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Troubling Interventions

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The most noteworthy commemoration of the second anniversary of Lehman Brothers' collapse was Japan's unilateral currency intervention to depreciate the yen. That move marks a shift in the character of the global financial crisis, away from concern with banking problems and toward a focus on the world's dysfunctional exchange-rate system. Or rather, its current lack of one.

The Japanese intervention was immediately controversial. American politicians denounced it as predatory; Europeans saw it as a step on the road to competitive devaluations. And Switzerland's central bank recently launched a costly and futile attempt to stop the Swiss franc's rise against the euro — an effort that produced only large losses on the bank's balance sheet. The 1980s was the last time anyone tried this sort of intervention. Then, there was little agreement about its usefulness as a tool of international policy, and the G-7 summit at Versailles in 1982 was extraordinarily conflict-ridden and unproductive. Indeed, it was to be the first act in a long exercise of futile mega-diplomacy.

Almost the only concrete outcome was the commissioning of a report by a group chaired by a senior French civil servant, Philippe Jurgensen, on whether intervention was an effective instrument against the volatility that seemed to undermine trade relations. When the report eventually came out, it acknowledged that "excess" volatility had "adverse consequences" for individual economies, as well as for the smooth functioning of the international adjustment process.

The Jurgensen report was ambiguous about the effectiveness of intervention. It said that interventions aimed at objectives inconsistent with economic fundamentals were futile. Americans read this as affirmation of their belief that all intervention was useless. Europeans, especially the French, drew the opposite conclusion that intervention could be useful if it were intended to get exchange rates right. But the report gave no guidance about how to judge whether exchange rates were appropriate or not.

The high water mark of intervention came a few years later, between the Plaza meeting of finance ministers in September 1985 and the Louvre meeting in February 1987. The Plaza meeting produced an accord on concerted intervention to push down the value of the dollar. The participants promised to use up to $18 billion over a six-week period. But, in fact, the depreciation of the dollar had begun well before the September 1985 meeting. By the time of the Louvre meeting, the dollar had fallen and the participants now discussed "target zones" or "reference ranges" around a central rate. There was apparent agreement on a new wave of coordinated interventions, but the agreed exchange rates did not hold.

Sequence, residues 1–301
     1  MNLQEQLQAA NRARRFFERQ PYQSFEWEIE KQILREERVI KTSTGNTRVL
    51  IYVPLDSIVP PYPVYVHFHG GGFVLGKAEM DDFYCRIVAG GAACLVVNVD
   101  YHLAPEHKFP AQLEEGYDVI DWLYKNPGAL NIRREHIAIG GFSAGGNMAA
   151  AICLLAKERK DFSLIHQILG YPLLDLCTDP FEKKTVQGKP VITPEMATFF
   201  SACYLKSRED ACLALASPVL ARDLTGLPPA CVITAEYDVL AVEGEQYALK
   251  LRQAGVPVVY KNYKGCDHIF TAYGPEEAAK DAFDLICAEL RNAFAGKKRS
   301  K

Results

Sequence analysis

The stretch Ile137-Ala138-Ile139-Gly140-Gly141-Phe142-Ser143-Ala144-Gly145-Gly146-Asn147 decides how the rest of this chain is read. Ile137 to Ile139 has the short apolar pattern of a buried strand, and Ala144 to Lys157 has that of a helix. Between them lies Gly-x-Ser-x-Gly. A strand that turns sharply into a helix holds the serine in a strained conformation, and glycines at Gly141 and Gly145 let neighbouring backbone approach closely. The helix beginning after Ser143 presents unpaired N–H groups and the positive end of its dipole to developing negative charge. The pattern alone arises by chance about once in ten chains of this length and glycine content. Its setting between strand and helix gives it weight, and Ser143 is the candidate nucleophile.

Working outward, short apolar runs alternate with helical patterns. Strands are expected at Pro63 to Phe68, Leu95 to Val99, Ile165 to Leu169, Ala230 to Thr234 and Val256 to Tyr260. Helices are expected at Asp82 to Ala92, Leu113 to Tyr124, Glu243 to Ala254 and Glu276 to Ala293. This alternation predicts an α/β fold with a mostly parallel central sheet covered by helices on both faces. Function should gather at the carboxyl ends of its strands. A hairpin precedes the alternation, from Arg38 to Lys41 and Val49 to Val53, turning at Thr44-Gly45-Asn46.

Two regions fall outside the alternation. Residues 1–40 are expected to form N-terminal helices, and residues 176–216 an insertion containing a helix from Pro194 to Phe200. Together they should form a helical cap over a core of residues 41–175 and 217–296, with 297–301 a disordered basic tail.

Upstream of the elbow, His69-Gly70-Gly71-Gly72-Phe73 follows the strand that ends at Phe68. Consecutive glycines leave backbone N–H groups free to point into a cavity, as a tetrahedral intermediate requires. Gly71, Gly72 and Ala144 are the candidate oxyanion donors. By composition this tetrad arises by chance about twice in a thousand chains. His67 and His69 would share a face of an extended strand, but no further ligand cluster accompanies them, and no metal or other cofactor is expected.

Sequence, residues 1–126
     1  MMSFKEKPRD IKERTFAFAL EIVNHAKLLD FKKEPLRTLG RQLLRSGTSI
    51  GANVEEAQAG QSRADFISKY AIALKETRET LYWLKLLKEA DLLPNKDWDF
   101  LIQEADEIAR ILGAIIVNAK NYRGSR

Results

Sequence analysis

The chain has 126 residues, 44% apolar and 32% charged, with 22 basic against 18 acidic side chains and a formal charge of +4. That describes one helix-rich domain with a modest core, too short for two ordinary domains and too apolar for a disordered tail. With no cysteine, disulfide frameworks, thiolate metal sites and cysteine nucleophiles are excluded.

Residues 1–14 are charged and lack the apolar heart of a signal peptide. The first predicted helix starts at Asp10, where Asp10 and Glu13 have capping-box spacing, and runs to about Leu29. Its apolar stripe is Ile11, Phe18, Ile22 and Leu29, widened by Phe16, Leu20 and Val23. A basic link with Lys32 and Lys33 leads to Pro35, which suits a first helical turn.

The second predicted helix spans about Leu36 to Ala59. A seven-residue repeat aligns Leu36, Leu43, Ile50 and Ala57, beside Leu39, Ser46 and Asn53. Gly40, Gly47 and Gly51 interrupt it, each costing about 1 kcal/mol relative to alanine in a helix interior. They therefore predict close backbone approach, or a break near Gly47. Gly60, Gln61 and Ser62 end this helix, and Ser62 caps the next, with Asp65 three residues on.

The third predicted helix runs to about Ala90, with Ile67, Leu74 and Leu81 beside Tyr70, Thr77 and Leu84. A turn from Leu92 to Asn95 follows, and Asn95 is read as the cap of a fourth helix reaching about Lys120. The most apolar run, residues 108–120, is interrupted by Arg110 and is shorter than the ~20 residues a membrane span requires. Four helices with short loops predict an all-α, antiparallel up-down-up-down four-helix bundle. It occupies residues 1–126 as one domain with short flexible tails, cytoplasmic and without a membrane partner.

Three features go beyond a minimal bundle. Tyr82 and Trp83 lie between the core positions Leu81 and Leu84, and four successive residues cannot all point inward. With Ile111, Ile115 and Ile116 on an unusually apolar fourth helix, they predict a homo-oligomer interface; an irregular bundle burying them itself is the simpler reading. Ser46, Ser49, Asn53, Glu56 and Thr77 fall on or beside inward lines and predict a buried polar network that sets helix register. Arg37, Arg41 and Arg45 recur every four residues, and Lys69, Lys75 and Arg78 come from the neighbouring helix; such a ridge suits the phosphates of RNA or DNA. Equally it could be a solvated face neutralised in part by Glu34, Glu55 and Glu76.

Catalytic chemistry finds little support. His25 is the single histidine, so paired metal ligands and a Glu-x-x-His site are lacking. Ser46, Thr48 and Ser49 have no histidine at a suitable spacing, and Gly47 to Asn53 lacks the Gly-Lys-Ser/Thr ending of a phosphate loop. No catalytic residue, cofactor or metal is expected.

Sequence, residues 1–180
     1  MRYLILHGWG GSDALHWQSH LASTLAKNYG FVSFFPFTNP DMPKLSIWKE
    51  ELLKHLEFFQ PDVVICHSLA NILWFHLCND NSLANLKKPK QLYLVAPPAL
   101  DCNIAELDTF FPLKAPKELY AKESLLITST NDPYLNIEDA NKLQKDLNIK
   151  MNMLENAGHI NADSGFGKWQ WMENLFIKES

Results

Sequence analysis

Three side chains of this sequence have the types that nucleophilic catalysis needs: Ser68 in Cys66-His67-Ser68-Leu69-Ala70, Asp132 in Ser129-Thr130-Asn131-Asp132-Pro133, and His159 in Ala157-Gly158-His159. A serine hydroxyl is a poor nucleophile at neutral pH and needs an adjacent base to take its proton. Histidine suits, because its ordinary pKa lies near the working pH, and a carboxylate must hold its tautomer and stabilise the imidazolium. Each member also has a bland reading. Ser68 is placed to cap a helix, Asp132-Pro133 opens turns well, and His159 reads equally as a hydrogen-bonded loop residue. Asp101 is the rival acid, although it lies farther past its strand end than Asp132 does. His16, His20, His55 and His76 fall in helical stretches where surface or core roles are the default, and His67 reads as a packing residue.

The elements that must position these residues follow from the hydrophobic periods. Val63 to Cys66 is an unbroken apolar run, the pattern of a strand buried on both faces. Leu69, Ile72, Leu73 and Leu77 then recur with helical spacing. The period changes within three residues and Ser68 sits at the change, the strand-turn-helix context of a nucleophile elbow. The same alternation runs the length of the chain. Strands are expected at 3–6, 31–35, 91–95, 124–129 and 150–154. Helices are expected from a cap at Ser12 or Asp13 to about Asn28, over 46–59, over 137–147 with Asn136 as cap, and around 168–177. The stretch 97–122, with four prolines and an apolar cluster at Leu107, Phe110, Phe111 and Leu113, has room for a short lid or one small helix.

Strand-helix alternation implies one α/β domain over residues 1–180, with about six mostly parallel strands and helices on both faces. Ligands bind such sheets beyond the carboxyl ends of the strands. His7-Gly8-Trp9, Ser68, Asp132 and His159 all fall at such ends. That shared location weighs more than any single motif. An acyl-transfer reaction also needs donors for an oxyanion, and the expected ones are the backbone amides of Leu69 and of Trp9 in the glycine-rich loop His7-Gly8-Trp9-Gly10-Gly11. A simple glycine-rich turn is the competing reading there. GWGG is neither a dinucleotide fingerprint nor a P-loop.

The Louvre agreement was not just ineffective. In retrospect, it was blamed for triggering a highly politicised debate about exchange rates, with every country trying to devise an approach that favoured its own interests. The US put enormous pressure on Japan to take expansive policy measures to relieve the pressure on the international system.

The resulting monetary expansion in the second half of the 1980s fuelled Japan's massive asset-price bubble, the collapse of which seemed to lead directly to the country's "lost decade" of stagnation. As debate about Japanese economic decline intensified, a consensus emerged in Japan that outside pressure had forced the country into adopting a dangerous and ultimately destructive course.

The Japanese episode still echoes in modern debates. As the US pushes China to revalue the renminbi, American economists support the case for a stronger renminbi.

As exchange markets became ever bigger during the past 20 years, most commentators assumed that central banks' ability to influence exchange rates through intervention had shrunk radically. We are in danger of forgetting that vital lesson.

The debate about China's artificially pegged exchange rate has Japanese Prime Minister Naoto Kan and French President Nicolas Sarkozy believe that they, too, might try shaping exchange rates. Indeed, Sarkozy has promised to make the search for a "better" exchange-rate system a key part of France's agenda when it chairs the G-20 next year.

But the problem is that the world's central banks do not sing from the same hymnbook. The political obsession with a better exchange-rate regime means an invitation to private markets to make large amounts of money. The bankers will laugh, while politicians wail and gnash their teeth.

The author is Professor of History and International
Affairs at the Princeton University.
Copyright: Project Syndicate, 2010

(This story was published in Businessworld Issue Dated 25-10-2010)